Barriers curb study-time demand

10th November 2000 at 00:00
I TRUST that Alan Wells, director of the Basic Skills Agency (FE letters, November 3) and I basically agree on the need for paid study time - at work as well as away from it.

My article (FE Focus, October 27) urged a statutory entitlement to paid study time which I had entitled "the missing link in the training chain". This would give employees a right to update their skills including their basic skills.

Unfortunately, the headline referring to "lazy employers" provoked Alan into writing a letter which suggests we disagree! He is keen to emphasise the need for funding advice and support for employers, particularly small and medium-sized, to enable them to facilitate paid study.

The two approaches are complementary but whereas my focus requires legislation (and possibly a manifesto commitment), Alan's does not.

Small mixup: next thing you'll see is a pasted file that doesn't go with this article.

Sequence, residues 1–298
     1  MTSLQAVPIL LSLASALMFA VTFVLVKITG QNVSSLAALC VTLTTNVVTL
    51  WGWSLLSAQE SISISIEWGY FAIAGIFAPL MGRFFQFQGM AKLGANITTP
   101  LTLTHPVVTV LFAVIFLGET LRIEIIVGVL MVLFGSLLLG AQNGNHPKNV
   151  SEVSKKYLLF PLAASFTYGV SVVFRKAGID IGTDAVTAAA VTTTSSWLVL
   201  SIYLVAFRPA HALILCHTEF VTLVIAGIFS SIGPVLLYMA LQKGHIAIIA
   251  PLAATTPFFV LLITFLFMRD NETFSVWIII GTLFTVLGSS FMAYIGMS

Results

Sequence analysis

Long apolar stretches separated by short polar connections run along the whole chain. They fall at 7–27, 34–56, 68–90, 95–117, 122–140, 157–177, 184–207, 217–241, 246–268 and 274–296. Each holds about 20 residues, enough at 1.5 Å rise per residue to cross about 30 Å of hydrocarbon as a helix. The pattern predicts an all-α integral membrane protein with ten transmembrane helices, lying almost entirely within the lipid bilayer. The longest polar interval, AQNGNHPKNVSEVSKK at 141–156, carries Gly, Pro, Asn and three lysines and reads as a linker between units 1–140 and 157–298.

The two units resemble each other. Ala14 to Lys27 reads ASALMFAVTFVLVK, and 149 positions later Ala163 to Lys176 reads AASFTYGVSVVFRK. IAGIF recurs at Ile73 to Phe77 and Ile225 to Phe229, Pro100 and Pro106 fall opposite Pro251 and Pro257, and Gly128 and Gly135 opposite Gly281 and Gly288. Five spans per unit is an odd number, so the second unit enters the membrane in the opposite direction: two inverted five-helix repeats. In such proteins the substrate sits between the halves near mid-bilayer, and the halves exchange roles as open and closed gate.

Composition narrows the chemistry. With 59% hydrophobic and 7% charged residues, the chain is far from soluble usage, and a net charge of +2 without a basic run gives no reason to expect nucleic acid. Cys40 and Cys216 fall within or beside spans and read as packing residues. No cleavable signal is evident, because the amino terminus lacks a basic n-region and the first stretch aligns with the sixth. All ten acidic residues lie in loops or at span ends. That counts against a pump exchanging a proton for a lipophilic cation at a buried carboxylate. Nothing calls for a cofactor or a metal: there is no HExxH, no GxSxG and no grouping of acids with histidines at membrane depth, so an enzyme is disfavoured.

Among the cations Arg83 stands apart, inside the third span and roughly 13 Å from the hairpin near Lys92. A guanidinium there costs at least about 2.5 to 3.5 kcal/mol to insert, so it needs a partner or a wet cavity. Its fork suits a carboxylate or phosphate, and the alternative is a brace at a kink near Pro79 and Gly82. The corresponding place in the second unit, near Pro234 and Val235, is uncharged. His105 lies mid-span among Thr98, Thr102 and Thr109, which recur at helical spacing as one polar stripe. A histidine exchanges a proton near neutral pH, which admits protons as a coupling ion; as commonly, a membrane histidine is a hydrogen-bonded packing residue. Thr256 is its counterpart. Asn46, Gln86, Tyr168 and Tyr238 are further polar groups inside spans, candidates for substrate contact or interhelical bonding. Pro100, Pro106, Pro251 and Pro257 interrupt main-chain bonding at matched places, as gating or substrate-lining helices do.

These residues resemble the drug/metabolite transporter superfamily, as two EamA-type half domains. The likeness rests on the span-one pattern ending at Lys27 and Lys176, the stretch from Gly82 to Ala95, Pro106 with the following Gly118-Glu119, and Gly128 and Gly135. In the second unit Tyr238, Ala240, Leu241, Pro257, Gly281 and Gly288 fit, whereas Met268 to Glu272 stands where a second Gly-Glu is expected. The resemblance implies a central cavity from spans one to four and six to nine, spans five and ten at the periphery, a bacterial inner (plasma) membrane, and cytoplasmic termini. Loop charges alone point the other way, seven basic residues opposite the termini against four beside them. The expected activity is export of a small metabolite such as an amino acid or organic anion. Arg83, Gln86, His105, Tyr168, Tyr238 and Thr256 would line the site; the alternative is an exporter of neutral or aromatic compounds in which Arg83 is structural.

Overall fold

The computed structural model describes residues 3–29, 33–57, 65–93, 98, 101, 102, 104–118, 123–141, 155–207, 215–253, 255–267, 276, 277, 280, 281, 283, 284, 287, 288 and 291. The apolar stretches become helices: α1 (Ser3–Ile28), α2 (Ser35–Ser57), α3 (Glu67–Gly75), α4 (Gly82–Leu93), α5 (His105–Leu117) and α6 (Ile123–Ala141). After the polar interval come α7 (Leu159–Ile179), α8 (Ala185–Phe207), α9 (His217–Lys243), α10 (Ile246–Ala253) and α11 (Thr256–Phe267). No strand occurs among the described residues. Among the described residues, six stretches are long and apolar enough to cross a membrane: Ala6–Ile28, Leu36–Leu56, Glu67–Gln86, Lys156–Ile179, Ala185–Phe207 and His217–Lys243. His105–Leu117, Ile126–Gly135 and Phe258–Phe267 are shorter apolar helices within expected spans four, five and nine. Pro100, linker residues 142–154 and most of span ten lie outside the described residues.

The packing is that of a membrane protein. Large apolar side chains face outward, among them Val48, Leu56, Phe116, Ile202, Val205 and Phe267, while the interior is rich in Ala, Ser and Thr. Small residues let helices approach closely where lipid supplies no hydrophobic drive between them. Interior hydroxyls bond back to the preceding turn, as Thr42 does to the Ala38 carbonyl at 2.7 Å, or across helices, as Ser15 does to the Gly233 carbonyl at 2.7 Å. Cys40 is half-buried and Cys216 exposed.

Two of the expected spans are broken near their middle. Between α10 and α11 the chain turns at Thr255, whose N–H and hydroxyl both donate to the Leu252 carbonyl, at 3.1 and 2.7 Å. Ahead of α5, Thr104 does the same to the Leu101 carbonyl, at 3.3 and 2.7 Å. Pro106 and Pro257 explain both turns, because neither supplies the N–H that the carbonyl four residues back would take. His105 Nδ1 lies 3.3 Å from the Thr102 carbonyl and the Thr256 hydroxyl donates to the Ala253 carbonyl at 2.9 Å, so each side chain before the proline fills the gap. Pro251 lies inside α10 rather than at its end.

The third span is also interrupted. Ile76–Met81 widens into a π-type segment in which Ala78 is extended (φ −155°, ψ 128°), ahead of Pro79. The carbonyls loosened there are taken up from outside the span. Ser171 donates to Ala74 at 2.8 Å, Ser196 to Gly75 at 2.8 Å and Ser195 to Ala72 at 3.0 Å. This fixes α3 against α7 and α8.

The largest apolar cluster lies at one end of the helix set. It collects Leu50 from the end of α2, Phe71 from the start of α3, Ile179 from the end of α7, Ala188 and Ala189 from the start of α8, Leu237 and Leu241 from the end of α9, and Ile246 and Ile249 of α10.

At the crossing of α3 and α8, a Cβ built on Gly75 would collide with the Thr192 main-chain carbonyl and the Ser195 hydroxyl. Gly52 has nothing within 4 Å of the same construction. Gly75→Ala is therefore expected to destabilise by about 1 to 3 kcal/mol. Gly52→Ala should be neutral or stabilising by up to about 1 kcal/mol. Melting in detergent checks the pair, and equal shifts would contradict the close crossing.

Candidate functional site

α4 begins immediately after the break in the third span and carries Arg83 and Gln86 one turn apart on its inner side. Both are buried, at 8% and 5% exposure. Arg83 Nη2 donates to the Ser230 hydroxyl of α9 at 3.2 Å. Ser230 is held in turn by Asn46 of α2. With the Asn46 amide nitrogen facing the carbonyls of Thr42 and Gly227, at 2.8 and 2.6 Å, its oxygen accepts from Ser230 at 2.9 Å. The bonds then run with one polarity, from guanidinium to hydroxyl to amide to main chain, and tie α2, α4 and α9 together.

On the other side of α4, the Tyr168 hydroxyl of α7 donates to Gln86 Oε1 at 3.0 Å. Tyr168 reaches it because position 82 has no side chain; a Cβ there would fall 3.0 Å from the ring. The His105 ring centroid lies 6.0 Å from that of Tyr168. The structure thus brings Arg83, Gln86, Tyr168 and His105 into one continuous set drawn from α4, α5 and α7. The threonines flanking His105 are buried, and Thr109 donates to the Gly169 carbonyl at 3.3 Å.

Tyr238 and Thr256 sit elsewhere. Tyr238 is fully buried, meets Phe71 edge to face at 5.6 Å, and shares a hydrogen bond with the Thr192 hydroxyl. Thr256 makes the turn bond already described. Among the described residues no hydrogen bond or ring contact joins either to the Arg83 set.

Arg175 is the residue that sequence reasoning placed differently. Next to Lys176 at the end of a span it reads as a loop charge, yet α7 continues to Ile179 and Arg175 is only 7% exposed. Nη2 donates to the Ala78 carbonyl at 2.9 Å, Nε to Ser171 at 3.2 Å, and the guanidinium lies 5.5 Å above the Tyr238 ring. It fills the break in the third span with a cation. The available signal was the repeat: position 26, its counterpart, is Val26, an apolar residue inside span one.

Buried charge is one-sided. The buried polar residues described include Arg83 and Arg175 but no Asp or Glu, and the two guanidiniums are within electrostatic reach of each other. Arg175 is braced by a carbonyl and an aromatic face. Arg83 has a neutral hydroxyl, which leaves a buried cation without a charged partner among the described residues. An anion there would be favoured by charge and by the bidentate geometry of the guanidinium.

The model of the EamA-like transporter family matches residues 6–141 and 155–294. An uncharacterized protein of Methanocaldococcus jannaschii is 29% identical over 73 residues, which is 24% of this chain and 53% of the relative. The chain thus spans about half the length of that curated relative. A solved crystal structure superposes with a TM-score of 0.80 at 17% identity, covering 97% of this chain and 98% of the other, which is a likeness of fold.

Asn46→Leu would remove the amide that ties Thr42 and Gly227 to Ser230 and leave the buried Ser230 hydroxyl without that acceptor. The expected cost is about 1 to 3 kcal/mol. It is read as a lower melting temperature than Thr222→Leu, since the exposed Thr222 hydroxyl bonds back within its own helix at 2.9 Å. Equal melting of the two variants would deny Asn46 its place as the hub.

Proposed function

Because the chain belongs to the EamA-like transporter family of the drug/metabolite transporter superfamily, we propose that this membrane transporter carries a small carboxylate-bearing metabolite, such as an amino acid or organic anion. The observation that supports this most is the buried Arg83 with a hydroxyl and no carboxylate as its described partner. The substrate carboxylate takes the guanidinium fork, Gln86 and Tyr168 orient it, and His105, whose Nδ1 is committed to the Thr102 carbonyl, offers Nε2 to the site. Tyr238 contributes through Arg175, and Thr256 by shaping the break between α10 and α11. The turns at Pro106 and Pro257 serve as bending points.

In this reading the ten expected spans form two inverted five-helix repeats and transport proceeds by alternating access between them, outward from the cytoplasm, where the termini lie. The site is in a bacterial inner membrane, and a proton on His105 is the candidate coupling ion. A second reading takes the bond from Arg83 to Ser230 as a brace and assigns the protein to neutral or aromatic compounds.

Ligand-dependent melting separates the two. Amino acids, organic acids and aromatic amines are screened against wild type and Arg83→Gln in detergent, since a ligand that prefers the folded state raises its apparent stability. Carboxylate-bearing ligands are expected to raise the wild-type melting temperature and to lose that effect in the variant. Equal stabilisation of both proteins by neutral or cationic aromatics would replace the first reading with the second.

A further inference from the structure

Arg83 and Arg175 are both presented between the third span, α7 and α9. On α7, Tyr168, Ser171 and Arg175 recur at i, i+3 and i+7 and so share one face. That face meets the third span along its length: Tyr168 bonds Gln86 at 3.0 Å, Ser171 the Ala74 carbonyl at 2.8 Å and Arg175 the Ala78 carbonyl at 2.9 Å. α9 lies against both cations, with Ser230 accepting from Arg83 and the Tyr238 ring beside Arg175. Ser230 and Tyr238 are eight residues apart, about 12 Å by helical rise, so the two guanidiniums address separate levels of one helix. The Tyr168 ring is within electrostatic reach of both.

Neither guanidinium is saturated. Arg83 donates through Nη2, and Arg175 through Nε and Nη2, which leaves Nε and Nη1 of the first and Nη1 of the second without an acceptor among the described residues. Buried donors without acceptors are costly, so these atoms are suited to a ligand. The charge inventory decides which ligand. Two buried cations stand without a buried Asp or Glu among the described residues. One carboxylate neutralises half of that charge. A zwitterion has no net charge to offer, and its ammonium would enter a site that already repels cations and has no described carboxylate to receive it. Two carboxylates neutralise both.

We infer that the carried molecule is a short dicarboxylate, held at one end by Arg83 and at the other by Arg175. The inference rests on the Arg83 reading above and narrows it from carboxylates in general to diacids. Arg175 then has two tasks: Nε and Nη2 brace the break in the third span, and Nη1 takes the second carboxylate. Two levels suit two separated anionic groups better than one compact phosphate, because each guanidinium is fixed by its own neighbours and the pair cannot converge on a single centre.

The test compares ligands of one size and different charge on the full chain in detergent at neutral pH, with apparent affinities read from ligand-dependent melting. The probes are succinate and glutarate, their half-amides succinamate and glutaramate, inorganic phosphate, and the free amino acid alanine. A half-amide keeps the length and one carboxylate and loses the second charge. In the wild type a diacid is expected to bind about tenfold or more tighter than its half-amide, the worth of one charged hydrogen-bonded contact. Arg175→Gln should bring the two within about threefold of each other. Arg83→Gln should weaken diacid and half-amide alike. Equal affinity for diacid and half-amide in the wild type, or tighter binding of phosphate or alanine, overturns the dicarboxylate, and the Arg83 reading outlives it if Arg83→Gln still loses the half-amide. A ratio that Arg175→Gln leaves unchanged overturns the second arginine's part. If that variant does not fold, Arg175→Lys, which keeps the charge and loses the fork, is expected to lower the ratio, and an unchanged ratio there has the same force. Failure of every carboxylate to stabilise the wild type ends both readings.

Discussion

But Alan has misunderstood me as having said "the demand for learning is not there"; I specifically cited a Department for Educatin and Employment survey which "found that one-third of all employees with no plans to engage in training would do so if given paid time off".

I was moved to write the article because some economists from a well-known think-tank and the late unlamented Chris Woodhead have publicly suggested that there is no demand for widening participation in post-school learning further.

My point is that the need is there and recognised by the people concerned but that it will only become a demand, in the sense that economists will recognise, when certain barriers are removed.

We can all recall economists arguing that there was no demand for nursery education in the early 1970s. The arguments look a little silly now.

So will arguments against a statutory right to Paid Study Time when people look back in 30 years time which is why I hope we were all cheering on David Chaytor's Bill this week.

Paul Mackney

General secretary

NATFHE


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